Fiona Apple, the three-time Grammy Award-winning singer-songwriter, has offered her support for a proposal that would require video access to all public court proceedings in Maryland.
Apple, who has served as a trained court watcher in Prince George’s County over the last two years, submitted a letter of support for the legislation cross-filed in the House of Delegates and Senate.
“This legislation would make Maryland leaders on the way to a more just, transparent, and accountable system that will protect the trust of the public you are meant to serve,” she wrote. “It is constitutional, it is available, and it is the right thing to do.”
The bills would require each appellate court, circuit court and district court in the state to provide “remote audio-visual public access to all public court proceedings,” with certain exceptions, and gives judges the ability to allow people who are not involved to participate in proceedings remotely if they can show “good cause.”
Del. David Moon, a Montgomery County Democrat and one of the sponsors of the House legislation, said in a hearing Wednesday that after a similar proposal did not pass last year, the Maryland Judiciary came up with a recommendation that courts provide audio access.
This bill would require the restoration of Zoom and similar services, which were provided during the COVID-19 pandemic after proceedings were pushed online.
Although Apple doesn’t live in Maryland, she has worked closely with Courtwatch PG, a group that aims to “hold judicial actors accountable for injustice in the court system,” according to its website.
In her letter, dated Tuesday, Apple wrote that the audio currently provided can “hardly be called access,” noting its sometimes poor quality.
Calling for video access, she wrote that “it’s very hard to see what the hold up is, unless the government of Maryland wants to hide what is happening inside its courtrooms the way a bad police officer wants to turn off his body camera.”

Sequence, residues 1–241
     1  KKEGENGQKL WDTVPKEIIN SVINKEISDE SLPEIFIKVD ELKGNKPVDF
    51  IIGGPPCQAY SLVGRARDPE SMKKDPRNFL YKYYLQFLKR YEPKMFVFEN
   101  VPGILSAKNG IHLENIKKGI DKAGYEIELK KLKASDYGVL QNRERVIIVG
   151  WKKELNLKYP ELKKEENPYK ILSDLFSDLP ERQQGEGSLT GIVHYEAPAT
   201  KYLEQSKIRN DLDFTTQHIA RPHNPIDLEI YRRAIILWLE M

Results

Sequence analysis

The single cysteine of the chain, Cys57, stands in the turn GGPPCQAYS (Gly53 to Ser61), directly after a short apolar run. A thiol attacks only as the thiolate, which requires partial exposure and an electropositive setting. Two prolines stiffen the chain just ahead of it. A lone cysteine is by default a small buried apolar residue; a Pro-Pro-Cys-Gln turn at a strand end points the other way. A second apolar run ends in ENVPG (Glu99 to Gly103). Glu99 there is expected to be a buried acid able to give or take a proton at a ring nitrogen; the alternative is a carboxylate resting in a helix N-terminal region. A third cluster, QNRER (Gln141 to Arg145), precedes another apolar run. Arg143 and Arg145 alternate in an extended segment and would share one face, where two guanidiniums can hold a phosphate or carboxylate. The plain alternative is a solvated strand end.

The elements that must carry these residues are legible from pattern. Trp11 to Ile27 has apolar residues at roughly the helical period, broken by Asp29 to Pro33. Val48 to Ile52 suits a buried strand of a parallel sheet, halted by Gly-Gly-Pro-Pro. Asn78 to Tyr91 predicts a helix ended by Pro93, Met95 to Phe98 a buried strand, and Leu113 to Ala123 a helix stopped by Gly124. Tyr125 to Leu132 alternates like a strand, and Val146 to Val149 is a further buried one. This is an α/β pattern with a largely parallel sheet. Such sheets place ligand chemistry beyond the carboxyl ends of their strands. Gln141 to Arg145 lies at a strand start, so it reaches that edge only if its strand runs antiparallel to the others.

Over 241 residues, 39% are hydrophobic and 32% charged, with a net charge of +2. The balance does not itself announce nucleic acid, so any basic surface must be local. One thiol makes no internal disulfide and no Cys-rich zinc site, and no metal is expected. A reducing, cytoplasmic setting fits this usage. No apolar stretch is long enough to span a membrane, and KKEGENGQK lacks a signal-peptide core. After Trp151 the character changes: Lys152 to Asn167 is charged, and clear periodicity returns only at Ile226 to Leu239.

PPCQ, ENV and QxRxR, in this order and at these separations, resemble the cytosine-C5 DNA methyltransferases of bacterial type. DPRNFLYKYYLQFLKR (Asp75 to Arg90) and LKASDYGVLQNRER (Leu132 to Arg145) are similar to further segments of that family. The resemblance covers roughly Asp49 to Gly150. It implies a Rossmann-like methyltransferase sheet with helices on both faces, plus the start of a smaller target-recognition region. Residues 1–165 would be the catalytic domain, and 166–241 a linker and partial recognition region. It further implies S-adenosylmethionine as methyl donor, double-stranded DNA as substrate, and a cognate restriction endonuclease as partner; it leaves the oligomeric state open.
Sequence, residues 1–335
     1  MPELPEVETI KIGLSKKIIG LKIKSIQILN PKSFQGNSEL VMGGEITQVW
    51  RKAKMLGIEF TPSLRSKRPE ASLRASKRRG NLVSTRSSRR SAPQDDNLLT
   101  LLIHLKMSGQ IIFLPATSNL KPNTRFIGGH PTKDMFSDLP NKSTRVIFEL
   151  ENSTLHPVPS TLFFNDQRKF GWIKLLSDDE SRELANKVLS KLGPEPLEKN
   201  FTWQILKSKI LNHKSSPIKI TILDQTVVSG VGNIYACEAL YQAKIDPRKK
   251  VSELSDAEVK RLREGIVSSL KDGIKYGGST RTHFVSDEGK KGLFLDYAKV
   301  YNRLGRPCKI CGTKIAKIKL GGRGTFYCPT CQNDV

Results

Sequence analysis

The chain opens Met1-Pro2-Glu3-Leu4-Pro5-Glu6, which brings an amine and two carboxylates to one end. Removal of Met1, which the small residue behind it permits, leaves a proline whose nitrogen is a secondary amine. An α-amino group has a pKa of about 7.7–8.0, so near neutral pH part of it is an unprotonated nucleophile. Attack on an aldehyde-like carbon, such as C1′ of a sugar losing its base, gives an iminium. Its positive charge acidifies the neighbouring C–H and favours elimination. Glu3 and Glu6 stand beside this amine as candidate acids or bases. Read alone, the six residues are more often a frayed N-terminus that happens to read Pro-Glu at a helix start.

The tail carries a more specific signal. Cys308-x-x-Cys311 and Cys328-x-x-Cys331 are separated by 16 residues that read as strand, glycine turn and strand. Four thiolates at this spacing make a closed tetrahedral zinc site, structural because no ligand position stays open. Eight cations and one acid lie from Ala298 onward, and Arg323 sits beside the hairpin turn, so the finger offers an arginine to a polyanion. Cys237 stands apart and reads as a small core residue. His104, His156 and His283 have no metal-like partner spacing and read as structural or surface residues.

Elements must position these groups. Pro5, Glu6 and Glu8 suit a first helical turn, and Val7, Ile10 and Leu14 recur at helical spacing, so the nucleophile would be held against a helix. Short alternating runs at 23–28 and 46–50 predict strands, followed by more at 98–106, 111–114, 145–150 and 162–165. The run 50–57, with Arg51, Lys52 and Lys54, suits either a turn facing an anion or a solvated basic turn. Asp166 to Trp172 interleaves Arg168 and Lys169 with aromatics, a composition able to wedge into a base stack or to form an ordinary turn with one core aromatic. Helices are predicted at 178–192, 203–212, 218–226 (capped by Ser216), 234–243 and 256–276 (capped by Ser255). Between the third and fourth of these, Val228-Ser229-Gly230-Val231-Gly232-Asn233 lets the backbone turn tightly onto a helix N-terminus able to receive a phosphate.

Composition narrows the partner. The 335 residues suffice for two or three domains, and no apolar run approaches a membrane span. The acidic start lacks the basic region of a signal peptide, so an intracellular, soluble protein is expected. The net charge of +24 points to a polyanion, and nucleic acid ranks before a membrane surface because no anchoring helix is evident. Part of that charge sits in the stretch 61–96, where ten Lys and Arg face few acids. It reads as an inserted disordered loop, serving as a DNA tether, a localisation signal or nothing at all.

She also read the letter aloud in a post shared on Twitter by Scott Hechinger, the founder of a group called Zealous, which helps public defenders and legal activists boost their advocacy.
Apple previously voiced support for a lawsuit filed last July by nine plaintiffs in Prince George’s County who claimed they were held illegally before their trials, even after a judge ordered them released.
She and other court watchers filed affidavits in support of the lawsuit detailing what they saw, the singer said in a nearly 10-minute video posted to social media in October, which aimed to raise awareness about the pretrial release process in the county. Apple and advocates argued the process could affect hundreds of detainees ordered released before trial.
In the video, she accused Maryland courts of cutting off her and other court watchers’ Zoom access in retaliation for supporting the suit.
“Why did they take away this access right after this lawsuit was dropped? It really seems like they’re retaliating against us,” Apple said.
The court system has denied those claims, saying in a statement to WUSA9 they were “demonstrably false.”